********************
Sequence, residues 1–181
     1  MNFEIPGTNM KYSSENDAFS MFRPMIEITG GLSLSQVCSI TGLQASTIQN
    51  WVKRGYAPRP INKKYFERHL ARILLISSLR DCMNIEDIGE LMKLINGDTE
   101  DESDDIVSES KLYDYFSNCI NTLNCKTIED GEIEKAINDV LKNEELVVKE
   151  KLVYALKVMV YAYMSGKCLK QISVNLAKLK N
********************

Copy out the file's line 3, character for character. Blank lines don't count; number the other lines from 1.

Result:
    51  WVKRGYAPRP INKKYFERHL ARILLISSLR DCMNIEDIGE LMKLINGDTE